Working from home, wireframe updates & other little things


Because of reasons you probably already know I’m working from home for the time being. In normal times, I worked from home two days a week, so I’m not new to remote work, but going from two to five days is a big step nonetheless.

I had a hard time finding flow in the first few days, so I set up a schedule to bring some structure into my workdays.

08:15 | Get up 09:00 | Work (3,5h) 12:30 | Lunch break 13:00 | Work (3h) 16:00 | Outside break 16:45 | Work (1,5h) 18:15 | Evening

I’m not following this by the minute, sometimes not even by the hour, but having a framework to fall back to brings peace of mind and allows me to focus on other things. Three weeks in and I’m feeling pretty comfortable working at home.

If you’re forced to work remotely in the coming weeks, and you’re still not feeling it, I recommend Matt Stauffer’s post on setting up a work environment.

Wireframing with React & Tailwind

This month, I finished the wireframes for the backup app we’re building at Spatie. With “finished”, I mean that they’re fleshed out enough for someone to start building the app based on them. Some details or less prominent views are missing, but we’ll handle those as we build the app.

I used React, Next.js & Tailwind to create the backup app wireframes. At the same time, I’m using Figma for the wireframes of a (huge) client project. Now that I’m getting more proficient with Figma, I prefer it over React.

I started using React for prototypes because I felt more at home in my code editor than in a GUI app like Sketch Figma. However, after some practice, I became more proficient with Figma, to the point where code started to feel like overhead.

That said, building an HTML prototype still shines for interfaces with complex interactions like drag & drop, or have interfaces with a lot of conditional elements.

JavaScript Framework Diet update

Since last month’s newsletter, I added two new posts to the JavaScript Framework Diet series:

Next up is a post about transitions. Not gonna lie, this one’s taking longer than usual because of writer’s block. This is a hard topic to write about because I don’t only need to explain how transitions are set up, but why they’re set up that way.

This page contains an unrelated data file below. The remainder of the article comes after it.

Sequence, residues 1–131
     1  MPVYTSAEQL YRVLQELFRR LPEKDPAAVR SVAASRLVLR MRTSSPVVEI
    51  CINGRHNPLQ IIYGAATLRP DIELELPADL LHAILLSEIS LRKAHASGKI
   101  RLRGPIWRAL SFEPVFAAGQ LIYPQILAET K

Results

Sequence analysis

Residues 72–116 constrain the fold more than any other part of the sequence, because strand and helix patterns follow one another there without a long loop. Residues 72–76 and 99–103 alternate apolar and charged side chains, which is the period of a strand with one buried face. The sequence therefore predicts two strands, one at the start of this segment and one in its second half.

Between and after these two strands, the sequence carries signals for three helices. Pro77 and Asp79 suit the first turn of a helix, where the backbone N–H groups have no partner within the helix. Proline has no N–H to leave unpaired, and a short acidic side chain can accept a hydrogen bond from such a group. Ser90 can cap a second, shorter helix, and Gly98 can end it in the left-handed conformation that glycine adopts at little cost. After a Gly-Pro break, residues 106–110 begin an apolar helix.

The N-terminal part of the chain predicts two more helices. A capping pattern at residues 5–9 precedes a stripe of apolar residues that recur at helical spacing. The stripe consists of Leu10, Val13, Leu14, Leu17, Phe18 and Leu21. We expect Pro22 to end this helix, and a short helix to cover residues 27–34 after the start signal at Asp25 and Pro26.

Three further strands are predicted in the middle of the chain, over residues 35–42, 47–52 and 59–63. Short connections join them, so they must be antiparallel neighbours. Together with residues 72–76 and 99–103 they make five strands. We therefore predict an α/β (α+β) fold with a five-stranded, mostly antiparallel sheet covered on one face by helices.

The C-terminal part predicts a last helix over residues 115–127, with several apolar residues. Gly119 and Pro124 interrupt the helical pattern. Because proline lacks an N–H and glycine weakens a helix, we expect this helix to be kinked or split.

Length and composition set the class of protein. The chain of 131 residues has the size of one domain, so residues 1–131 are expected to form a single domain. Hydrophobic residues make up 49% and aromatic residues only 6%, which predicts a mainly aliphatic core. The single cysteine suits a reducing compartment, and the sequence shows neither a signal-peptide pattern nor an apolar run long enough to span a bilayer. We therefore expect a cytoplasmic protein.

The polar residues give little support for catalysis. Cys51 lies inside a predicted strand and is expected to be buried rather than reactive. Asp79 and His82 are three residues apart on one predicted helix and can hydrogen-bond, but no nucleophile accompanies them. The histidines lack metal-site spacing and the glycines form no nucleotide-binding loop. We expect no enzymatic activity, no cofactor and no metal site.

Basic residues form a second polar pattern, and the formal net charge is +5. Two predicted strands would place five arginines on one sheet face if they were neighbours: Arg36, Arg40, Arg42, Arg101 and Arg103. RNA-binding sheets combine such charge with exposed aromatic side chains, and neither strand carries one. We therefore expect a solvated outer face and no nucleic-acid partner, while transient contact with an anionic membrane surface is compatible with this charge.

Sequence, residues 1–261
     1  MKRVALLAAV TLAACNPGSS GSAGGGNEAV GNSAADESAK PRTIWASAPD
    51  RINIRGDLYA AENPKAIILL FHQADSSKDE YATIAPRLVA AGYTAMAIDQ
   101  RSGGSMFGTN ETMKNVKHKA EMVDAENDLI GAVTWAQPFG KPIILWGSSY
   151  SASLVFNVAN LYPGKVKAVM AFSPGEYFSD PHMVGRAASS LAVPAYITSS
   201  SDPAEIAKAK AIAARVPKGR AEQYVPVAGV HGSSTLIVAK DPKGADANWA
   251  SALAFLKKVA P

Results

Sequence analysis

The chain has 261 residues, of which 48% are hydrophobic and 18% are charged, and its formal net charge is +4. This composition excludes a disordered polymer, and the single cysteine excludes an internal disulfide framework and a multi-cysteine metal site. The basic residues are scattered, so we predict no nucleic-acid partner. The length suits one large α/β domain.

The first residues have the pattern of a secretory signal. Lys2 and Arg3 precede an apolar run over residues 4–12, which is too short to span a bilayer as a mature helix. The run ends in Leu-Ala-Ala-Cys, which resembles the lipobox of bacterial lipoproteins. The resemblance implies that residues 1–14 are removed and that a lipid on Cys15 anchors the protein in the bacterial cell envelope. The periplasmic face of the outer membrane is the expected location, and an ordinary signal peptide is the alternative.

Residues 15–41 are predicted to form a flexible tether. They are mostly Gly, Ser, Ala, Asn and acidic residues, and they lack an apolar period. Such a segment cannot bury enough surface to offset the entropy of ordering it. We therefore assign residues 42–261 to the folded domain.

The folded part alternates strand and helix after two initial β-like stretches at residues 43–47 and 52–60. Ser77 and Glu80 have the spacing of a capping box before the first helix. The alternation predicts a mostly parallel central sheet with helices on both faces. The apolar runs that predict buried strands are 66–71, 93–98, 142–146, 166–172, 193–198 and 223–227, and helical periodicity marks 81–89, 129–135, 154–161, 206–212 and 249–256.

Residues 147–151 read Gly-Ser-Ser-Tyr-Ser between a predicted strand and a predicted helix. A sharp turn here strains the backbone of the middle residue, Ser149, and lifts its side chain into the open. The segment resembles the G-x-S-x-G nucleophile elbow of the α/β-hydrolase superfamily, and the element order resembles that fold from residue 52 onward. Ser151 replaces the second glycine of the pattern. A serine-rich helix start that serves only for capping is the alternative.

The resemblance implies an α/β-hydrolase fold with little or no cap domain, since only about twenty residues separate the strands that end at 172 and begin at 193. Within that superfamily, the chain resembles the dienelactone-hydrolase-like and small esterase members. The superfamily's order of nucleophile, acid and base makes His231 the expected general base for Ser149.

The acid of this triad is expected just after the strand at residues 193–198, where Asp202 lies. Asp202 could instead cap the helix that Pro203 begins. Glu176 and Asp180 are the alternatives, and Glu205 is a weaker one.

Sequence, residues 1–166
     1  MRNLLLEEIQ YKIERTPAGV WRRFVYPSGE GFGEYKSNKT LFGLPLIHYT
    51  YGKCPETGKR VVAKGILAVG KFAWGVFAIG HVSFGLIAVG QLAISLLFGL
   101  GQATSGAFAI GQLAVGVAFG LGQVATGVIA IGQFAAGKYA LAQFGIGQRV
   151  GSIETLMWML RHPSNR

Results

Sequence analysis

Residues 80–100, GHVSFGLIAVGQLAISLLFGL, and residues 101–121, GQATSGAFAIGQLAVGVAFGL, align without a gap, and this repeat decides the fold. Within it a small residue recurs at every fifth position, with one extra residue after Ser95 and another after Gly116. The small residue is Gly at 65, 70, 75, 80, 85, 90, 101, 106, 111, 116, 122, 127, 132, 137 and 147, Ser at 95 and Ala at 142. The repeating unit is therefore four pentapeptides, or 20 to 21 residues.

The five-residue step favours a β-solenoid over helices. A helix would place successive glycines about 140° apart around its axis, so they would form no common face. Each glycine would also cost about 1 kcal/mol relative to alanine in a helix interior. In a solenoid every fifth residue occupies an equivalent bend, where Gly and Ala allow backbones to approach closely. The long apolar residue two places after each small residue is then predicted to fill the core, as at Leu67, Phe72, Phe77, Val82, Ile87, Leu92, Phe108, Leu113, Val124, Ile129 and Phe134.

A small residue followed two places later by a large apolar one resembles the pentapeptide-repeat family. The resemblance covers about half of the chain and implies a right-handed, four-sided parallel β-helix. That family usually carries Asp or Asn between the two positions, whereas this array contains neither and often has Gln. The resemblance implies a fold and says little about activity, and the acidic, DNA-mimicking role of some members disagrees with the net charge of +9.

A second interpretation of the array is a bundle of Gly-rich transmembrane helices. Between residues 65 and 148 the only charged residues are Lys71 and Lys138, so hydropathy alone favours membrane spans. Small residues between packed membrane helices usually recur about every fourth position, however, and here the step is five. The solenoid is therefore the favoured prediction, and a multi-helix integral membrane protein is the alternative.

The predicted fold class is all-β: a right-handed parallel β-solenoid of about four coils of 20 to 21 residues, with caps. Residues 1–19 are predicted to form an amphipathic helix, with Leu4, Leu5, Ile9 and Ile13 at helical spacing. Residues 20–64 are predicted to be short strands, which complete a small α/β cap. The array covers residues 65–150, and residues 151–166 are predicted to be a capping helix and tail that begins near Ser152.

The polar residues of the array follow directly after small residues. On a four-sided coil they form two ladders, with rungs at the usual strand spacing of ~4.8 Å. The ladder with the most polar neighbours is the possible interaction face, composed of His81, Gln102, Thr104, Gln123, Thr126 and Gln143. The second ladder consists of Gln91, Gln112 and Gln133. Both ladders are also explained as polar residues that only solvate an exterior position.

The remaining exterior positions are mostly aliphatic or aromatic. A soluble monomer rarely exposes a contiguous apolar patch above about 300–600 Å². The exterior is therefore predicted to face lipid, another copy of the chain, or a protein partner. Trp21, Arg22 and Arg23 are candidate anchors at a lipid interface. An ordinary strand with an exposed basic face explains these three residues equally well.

Unix things I always forget

In the meantime, I started a second blog series: Unix things I always forget. This one’s more low key that the JavaScript Framework Diet.

I often forget how to do things in Unix, like finding files with a specific extension, symlinking, etc. This series is an attempt to document the commands I always forget.

Follow along on!

More on the blog

Various posts I wrote this month, from the IndieWeb to DevOps:

Some links I shared:

Recipes site update

A while back, I set up a Next.js project with a custom webpack loader to organize my recipes. While doing some greenkeeping in the app, I realized Next.js & webpack weren’t bringing much to the table. I dropped them in favor of a 40-line custom build script to build the webpage instead.

For small projects like this don’t change often, I prefer to maintain an as-small-as-possible stack over a gazillion node_modules that probably won’t install when I pull this project back in a year from now.

Check out the static live site, or browse the repository on GitHub.

On the horizon

I’m doing a small experiment per month: write 200 words per day in the week. 200 words aren’t a lot on their own, but if I can consistently pull this off for 20 days a month, it amounts up to a lot of writing. More importantly, it builds a habit (I read Atomic Habits earlier this year).

Besides writing, I’m spending more time on OSS repositories again. Nothing new, just trying to keep issues and PR’s under control.

I’m also working on a small, code related but non-code project. A bit too soon to talk about that, but looking forward to sharing it in the future.

Until the next issue,